What Wine and Climate Change Could Mean

Surprising ways climate change impacts the world of wine.

 


It has been a HOT year. A REALLY HOT year. Here in New York we are just starting to feel the effects of a summer long drought with reduced yields through smaller berries. Changing weather patterns is a really obvious side effect of climate change however there are several ways that climate change can affect the world of wine that may be more surprising. Climate change is the macro trend of changing weather and temperature patterns throughout the globe at a more rapid pace than can be explained by historical natural cycles. It touches many aspects of the global wine market including production, transportation of bulk and finished goods, and marketing.

One aspect of climate change that affects the production of wine is water availability. Fresh water is a finite resource. In several global wine regions, particularly Australia and California, water is becoming exceedingly hard to come by. Even in areas where water is usually plentiful, such as here in the Finger Lakes, we are seeing a level 2 drought. Dr. Roger Boulton of UC Davis says that wineries should set a goal to reuse 1 gallon of water at least 9 times to meet the current and future supply constraints of fresh water availability globally.  Because water impacts both viticulture and winemaking, water availability changes as a result of climate change are very important to the global wine market.
Climate change has a very direct impact on vine growing globally. In many fine wine regions, murmurs of having to change classic varieties are starting. At the Agricultural University in Bordeaux, there is an experimental vineyard with 53 varieties growing that are not currently allowed to be planted in Bordeaux. Researchers are making very small wine batches to see if these varieties can keep the Bordeaux style but better handle the increasing temperatures. It could be that in the future, we’ll have to change the definition of what are “Bordeaux varieties”.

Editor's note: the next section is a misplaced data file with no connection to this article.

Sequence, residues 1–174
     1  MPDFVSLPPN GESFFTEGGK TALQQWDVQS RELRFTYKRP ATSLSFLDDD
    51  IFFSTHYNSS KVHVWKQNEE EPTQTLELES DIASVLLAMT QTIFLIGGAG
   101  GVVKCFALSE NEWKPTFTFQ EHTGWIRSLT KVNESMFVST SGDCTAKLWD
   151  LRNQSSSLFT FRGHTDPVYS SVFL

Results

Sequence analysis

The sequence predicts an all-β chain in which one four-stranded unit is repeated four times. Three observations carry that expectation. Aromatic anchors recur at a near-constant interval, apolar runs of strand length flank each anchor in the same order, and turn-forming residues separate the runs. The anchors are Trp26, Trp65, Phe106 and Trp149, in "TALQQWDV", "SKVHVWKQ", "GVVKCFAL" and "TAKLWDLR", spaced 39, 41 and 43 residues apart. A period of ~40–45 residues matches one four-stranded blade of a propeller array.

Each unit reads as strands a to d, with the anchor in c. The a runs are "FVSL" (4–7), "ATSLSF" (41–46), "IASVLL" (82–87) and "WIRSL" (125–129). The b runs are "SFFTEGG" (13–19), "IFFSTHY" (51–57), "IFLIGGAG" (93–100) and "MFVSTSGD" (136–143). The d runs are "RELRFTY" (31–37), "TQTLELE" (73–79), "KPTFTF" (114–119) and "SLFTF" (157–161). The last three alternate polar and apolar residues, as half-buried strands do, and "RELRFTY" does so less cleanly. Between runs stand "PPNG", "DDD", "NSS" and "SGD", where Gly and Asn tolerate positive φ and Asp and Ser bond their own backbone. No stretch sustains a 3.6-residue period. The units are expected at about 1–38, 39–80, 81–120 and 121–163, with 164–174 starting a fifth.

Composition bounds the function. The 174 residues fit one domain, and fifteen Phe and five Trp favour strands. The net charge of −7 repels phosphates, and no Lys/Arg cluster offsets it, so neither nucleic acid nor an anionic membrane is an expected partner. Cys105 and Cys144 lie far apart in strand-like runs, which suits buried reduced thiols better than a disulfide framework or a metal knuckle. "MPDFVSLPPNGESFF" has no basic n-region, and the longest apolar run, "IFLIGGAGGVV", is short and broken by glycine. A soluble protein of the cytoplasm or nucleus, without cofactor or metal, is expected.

Extreme weather caused by climate change also has an impact on wine production. High winds, hail storms, late season frosts or early fall frosts can all wreak havoc with a vineyard. German growers have seen many issues with late frosts and severe hailstorms due to earlier budbreak than average in recent years. Niagara’s growing region in Canada also faces similar threats from early springs and warm winters which puts the area’s Ice wine production at risk. Bulk wine transportation has been severely impacted over the past few years due to the increasing severity of storms across the globe as well. Chile saw extremely high winds and rough seas over the winter of 2015 in their San Antonio port which inhibited the ability of container ships to pick up bulk wine being shipped overseas for packaging. Severe storms can also cause infrastructure break downs, as was seen in New Jersey just a few months ago, when flooding washed out roads and bulk wine traffic had to be re-routed to reach its final destination.  

Increasingly warm temperatures driven by climate change can also have an impact on pests and diseases affecting vineyards. Less cold winters can allow insects to thrive and increasing humidity from frequent summer storms can increase fungal pressure in vineyards. In 2015, there was a noted increase in Pierce’s disease in California, largely blamed on the two previous warm winters with drought conditions. One Kern County grower pointed out that warm winters do not kill off as many sharpshooters, the primary vector of Pierce’s disease. “You need at least 4 consecutive days below 55 degrees [F] to kill the sharpshooters and we just haven’t seen that type of cold recently.”